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Backlit Panel Engraving Using CNC – Experiment 001

I did some work with the CNC for engraving onto acrylic which I painted black on one side and engraved backward. The idea is the black will ultimately be the back of the front panel. Because the acrylic is very transparent, the engraving is still 100% visible. Because the acrylic is super flat and shiny, it’s as if we put several mm of clear coat or epoxy on top. This epoxy-like effect tends to improve a fairly crude process which is little more than scratching and scraping.

While I should probably start with something easy (NEVER!!!), I decided to jump right into milling extremely small text.  The right call would have been to have engraved a 6″ tall letter A or something equally worthless to me.  Instead, this text 2.159mm tall in Fusion 360.

First off, my conditions.

1) I’m using a bargain-basement 400w spindle-equipped CNC. Engraving puts almost no demands on the rigidity of the machine.

2) I did make a wasteboard using MDF by Facing the top with my CNC. This was a great exercise because it turned out that the machine was highly unoptimized previously and the cut was nowhere near flat. This prompted me to tweak the machine and what I ended up with is light years flatter. I think it’s important to mention this step as the engraving I’m up here is dealing with incredibly low tolerances. If one side is 0.2mm too low or too high, the results will be unusable.

3) I’m using a “nicer” Jerray bit from Amazon with a 0.25mm tip.

The Long Term Goal

This is a bit abbreviated.  The rectangles to the left of the words are buttons.  The rectangles to the right of the words are LEDs.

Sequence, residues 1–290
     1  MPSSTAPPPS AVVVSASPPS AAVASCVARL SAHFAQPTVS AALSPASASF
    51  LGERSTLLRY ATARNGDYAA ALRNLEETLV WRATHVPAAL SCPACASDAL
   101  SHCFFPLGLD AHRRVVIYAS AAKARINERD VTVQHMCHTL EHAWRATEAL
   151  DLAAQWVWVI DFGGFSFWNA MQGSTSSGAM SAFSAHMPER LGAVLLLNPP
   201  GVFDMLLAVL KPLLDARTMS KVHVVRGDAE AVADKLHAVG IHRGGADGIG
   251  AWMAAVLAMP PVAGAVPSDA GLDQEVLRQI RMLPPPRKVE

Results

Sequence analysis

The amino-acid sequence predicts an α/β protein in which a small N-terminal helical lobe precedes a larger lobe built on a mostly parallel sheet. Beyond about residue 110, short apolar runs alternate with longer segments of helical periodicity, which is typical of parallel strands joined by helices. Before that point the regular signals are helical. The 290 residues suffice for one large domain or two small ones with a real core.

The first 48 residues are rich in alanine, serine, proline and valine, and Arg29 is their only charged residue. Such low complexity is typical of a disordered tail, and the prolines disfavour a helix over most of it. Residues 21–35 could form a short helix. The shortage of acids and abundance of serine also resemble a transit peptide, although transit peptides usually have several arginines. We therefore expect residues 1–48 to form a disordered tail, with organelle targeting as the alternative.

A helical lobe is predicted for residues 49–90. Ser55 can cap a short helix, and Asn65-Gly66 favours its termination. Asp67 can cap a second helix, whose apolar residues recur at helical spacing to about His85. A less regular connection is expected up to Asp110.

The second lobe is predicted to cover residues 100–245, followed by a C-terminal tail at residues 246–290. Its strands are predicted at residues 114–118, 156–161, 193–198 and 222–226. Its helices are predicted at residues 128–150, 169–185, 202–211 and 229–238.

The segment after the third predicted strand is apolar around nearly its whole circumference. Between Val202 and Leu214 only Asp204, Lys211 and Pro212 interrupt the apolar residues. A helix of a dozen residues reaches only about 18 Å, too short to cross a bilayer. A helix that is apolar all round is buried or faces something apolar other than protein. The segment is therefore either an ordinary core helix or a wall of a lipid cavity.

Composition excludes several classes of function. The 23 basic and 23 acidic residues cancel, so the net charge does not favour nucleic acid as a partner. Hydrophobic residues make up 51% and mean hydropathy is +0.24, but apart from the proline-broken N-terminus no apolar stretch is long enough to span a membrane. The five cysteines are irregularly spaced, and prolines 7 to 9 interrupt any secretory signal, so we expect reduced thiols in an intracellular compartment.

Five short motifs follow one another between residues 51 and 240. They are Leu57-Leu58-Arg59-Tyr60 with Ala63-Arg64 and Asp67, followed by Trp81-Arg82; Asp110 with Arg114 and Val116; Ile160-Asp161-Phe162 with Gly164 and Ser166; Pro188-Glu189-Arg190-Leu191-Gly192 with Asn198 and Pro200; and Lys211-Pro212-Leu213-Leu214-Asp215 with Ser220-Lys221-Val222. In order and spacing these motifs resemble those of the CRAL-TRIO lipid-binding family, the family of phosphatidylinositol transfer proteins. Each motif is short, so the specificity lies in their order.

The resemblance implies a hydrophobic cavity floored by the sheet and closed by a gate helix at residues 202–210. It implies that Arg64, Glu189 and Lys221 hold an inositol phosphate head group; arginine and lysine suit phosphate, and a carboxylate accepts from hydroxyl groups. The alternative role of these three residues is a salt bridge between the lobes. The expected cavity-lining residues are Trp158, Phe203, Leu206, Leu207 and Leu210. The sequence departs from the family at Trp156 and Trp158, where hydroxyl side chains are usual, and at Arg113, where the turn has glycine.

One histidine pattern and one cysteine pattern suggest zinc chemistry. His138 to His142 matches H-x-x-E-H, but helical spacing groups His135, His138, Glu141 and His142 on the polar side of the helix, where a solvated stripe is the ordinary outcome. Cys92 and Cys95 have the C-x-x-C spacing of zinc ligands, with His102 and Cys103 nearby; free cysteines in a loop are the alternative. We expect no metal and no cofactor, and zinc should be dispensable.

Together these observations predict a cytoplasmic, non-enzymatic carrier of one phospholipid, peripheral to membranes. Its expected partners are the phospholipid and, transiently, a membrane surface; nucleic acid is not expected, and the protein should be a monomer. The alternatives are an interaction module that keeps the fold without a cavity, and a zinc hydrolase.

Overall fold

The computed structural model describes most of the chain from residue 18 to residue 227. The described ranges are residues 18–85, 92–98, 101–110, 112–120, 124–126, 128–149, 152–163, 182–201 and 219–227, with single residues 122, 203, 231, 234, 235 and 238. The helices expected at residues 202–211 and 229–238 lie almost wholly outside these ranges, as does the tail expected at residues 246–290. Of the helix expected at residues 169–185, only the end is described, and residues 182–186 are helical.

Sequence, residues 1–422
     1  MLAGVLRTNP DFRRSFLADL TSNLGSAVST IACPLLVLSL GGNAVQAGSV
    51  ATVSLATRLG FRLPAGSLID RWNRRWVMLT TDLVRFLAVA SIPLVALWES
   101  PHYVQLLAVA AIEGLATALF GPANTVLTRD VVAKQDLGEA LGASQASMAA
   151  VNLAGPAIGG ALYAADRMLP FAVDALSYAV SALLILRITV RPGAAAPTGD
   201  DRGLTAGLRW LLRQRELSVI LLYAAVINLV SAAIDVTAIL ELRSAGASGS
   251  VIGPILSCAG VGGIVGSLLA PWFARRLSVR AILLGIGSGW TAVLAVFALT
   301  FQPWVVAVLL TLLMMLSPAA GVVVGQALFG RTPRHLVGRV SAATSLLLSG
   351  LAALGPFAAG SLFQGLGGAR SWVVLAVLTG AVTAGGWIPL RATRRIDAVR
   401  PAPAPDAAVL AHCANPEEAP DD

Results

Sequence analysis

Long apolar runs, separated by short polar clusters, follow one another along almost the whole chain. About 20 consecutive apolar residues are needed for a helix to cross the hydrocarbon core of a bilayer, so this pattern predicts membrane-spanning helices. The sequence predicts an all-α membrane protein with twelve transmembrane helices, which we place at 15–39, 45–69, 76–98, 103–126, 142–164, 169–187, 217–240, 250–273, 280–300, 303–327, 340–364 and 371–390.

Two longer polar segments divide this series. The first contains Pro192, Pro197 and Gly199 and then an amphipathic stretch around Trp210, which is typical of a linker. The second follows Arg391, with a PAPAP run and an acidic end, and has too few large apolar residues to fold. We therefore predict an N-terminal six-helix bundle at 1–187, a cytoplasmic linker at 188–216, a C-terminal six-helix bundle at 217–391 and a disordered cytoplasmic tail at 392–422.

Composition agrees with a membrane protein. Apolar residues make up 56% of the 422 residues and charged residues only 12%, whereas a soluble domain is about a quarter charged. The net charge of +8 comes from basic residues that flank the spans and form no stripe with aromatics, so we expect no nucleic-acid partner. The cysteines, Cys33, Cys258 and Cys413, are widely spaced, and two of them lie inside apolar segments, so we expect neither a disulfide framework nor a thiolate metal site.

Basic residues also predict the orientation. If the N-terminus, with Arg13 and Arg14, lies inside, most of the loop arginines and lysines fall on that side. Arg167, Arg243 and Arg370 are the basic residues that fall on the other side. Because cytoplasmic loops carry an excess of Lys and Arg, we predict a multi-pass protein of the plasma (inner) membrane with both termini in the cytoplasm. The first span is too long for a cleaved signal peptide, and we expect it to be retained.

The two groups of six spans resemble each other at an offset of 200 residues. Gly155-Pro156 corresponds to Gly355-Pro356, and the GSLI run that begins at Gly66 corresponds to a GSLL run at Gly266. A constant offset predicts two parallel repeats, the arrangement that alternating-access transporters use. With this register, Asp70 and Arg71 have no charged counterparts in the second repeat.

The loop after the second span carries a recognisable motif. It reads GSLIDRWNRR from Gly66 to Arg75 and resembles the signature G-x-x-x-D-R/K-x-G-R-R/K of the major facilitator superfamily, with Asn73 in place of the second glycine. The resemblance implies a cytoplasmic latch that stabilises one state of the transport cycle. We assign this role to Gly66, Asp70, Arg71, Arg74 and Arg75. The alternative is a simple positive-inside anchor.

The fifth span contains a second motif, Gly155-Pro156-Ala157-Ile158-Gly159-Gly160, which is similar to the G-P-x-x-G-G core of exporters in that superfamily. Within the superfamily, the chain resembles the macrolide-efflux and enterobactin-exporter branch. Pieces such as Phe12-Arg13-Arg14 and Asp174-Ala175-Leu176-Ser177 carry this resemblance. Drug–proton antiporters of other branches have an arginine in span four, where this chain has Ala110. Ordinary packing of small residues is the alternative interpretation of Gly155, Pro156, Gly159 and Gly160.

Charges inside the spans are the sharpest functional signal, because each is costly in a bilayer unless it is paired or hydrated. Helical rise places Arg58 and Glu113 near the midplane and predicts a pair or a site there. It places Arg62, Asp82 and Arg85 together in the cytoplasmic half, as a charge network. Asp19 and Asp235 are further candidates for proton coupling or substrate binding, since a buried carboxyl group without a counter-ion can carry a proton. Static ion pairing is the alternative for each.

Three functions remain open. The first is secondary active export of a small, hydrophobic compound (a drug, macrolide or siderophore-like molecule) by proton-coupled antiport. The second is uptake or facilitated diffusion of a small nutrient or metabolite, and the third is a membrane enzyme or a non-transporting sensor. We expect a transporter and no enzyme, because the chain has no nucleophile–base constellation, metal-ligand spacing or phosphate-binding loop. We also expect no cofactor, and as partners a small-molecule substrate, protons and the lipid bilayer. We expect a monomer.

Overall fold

Today’s Goal

I don’t particularly love the font I have, but I want to see a real-life version before making any major decision changes.  This is a first-draft type of thing to develop a base of knowledge.  A final product could use any number of technologies to get something closer to what Apple or Samsung may crank out.  For now, I’m just getting my toes wet.  Most importantly, I need to see if the font spacing is acceptable.  It’s impossible to gain any context at all as to what the spacings mean in real-life terms from the computer screen.  Again, this text is 2.1mm tall.  (I measured the small text on the TI-36x calculator and ran with that.)  For now, I need to layout a PCB that will hold 16 buttons and 84 LEDs.  I can’t do that until that rectangle around the text is at a realistic size.


The Process

Take acrylic and put 3 or 4 layers of flat black paint.  I don’t know if it has to be flat.  I used flat black.  Let is dry for 3 months.  I’m not sure how long it has to dry.  I did 3 months.  3 days would probably work just fine.   I set up Fusion 360 to mill backward.  That basically meant a lot of goofing around to be sure that the top of my model was actually the part that was painted black.   It was a little screwy to pull off but I’m still far from an expert in Fusion 360.

Feeds and speeds aren’t a huge deal to engraving (at least compared to milling aluminum or something), but here they are.

Multiple Depths 0.13mm

Maximum Depth 0.65  (it should be 5 passes)

I swipped the idea of the maximum depth of 0.65mm from a Youtube video:

Here’s the cliff notes.
30-degree engraving bit
maximum depth 0.5mm